NASA created the Space Shuttle and SpaceX created the Falcon 9 and Falcon heavy rockets. The Space Shuttle could launch 27,500Kg to LEO(low earth orbit) at an estimated cost of $450 million per launch while the Falcon 9 and Falcon heavy can launch 22,000Kg and 63,000Kg respectively to the same orbit at costs of $60 million and $90 million per launch.

However, it must be noted that the Space Shuttle was cleared for human spaceflight while SpaceX’s launch vehicles are not yet cleared.

Looking from an economic perspective it is clear that there is much to benefit from the privatisation of space launch vehicles. Today, countries such as the USA have realised this and have contracts with private companies such as SpaceX to launch payloads to the International space station and have also begun the process of awarding companies like Boeing and SpaceX to develop human-rated spacecraft in order to reduce the costs of sending astronauts to the space station.

Encouraging private companies to take over the responsibility of launching things to space frees up money for the government led organisations to work on things the private sector cannot support, but the people agree are beneficial to humanity. Robert Frost, an Instructor and Flight controller at NASA put it well by saying  “When we send a spacecraft like New Horizons to take close up pictures of Pluto, we do so because, as a people, we understand that science is important. We understand that learning about the universe is good for our society. We understand that knowledge has value for its own sake and that we often cannot predict how that knowledge may have additional practical value at some later time. This kind of exploration simply isn’t practical for the private sector because there isn’t a way to, in the near term, make a return on the investment.” 

 Thus the privatisation of the space sector will ultimately have no losers and leaves government agencies free to pursue the kind of forward-thinking, longer-term research that might not immediately generate revenue, but that can be later streamlined and improved upon in the private sector.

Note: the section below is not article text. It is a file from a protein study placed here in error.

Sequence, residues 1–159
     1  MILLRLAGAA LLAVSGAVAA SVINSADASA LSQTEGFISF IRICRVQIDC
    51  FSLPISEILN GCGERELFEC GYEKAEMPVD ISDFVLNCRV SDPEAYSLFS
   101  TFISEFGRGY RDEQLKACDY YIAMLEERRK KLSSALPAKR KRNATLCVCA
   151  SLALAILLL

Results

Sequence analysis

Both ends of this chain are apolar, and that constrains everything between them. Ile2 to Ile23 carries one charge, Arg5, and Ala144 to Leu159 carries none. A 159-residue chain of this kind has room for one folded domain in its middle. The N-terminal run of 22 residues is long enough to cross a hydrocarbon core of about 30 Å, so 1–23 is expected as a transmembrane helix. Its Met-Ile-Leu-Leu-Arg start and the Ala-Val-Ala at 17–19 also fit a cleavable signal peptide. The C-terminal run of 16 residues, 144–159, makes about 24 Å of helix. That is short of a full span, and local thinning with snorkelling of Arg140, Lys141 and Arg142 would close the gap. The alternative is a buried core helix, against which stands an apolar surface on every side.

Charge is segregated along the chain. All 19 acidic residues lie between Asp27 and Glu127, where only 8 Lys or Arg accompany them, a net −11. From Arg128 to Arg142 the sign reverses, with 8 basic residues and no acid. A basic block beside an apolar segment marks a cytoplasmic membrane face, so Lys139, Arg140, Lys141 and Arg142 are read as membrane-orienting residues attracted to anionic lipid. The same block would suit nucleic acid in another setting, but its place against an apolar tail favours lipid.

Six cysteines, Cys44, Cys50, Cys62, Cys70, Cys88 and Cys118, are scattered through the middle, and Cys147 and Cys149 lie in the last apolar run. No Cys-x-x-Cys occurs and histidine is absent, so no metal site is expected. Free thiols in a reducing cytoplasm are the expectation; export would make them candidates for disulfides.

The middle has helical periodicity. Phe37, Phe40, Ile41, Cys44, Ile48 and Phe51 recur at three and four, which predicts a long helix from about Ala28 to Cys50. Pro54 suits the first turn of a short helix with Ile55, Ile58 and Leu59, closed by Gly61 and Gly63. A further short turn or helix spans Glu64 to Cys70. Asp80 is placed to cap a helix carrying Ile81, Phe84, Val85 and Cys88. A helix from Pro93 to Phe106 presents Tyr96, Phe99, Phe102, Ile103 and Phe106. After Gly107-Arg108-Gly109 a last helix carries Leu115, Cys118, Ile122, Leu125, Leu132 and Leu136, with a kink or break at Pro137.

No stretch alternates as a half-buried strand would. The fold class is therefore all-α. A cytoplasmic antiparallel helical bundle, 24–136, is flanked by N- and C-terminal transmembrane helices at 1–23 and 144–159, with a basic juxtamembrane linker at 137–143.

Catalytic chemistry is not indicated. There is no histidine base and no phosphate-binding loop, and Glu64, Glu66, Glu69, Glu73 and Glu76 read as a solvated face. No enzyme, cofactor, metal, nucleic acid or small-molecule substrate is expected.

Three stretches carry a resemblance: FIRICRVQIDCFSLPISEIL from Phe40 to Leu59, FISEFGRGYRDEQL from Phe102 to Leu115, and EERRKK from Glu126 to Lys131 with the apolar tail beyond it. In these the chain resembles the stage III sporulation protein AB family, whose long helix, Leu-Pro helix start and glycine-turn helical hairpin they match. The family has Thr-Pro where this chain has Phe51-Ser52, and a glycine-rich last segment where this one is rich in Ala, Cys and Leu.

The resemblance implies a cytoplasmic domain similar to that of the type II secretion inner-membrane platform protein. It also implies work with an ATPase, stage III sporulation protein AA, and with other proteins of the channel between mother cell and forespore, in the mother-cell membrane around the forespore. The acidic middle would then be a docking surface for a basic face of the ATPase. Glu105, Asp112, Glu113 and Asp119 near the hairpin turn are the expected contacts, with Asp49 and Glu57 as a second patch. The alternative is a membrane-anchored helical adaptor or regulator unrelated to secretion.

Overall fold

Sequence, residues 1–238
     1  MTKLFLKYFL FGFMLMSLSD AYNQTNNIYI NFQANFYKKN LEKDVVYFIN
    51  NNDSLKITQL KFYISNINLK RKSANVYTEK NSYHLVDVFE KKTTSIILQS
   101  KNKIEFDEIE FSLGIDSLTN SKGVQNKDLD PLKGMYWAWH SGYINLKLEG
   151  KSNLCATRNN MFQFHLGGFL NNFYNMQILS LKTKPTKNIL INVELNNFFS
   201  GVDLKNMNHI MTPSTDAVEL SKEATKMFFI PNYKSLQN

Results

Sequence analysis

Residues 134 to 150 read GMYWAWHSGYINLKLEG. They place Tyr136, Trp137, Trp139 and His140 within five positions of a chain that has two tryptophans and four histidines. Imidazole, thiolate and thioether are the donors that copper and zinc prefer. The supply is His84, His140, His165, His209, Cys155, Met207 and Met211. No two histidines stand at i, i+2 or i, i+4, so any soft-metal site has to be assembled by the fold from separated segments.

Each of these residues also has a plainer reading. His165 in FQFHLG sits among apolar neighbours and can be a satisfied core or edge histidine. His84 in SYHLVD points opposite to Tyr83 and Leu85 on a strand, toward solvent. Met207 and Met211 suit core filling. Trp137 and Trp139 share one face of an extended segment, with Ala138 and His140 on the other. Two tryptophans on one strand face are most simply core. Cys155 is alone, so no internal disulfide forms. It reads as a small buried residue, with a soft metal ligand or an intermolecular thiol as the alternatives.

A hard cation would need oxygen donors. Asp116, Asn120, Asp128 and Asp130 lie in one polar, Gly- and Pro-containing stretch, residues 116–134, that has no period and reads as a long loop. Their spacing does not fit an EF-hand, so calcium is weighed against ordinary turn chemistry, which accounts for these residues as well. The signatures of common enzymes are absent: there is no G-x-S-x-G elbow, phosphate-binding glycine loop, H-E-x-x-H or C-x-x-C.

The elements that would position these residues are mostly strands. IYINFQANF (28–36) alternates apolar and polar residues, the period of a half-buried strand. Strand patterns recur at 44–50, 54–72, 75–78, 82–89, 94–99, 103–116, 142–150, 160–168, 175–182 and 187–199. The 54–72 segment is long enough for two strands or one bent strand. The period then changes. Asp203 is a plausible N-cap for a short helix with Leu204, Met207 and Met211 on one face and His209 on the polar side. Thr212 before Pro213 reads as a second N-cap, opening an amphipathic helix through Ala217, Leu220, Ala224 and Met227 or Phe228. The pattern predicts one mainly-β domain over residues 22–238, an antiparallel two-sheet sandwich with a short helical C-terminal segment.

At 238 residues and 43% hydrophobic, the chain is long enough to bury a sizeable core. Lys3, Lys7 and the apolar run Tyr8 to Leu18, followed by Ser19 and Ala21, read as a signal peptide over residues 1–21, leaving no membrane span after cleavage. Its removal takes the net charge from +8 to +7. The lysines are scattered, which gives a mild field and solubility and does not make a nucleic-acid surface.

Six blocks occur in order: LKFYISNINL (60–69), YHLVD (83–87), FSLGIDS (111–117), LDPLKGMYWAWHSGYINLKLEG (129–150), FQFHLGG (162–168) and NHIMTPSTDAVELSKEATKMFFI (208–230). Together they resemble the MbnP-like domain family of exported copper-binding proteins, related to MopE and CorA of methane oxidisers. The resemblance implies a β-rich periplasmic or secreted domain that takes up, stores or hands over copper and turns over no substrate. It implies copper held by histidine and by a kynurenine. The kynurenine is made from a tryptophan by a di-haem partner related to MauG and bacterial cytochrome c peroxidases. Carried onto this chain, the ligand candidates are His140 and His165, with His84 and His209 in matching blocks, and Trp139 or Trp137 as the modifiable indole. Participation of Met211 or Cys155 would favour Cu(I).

Countries such as India have also realised this and have been pushing for the growth of the private space sector since the 1970s. Kiran Kumar, the chairman of ISRO(Indian Space Research Organisation) has said that this shift will allow ISRO to shift its efforts away from the mundane task of launching satellites and focus on research and development of spacecraft such as the chandrayaan and mangalyaan missions.

It can also be argued that the private sector will be more cautious than certain government agencies such as China’s. Due to poor planning of launch locations, during the afternoon of January 12th, 2018, a Chinese rocket booster landed dangerously close to a small town called  Xiangdu in China.

Fortunately no one was hurt, however, the fuel that this booster used is called hydrazine which is extremely toxic to humans if it is inhaled or if it gets on someone’s skin and many people in the Chinese town were attracted to inspect this toxic rocket which would have led to serious side effects.

In 1996, a rocket launched from the same site strayed off course and crashed in a nearby town killing 6 people and injuring 57 others.

If a private company launched a rocket that resulted in such a scenario it would most likely be shut down, either by the government, public response or by a loss in faith by shareholders leading to drastic reduction in funding.

On the other hand, it is almost impossible for the people of China to stop or alter the program. The state-controlled press and the difficulty in organizing a protest against the government are both contributing factors.

Thus a privatised sector can lead to a safer space program. However, some companies may find it in its favour to cut corners in the area of safety in order to save costs which will increase the risk in each launch. This would be extremely risky for crewed launches and space tourism, nevertheless, this can be prevented by heavy inspection by government agencies.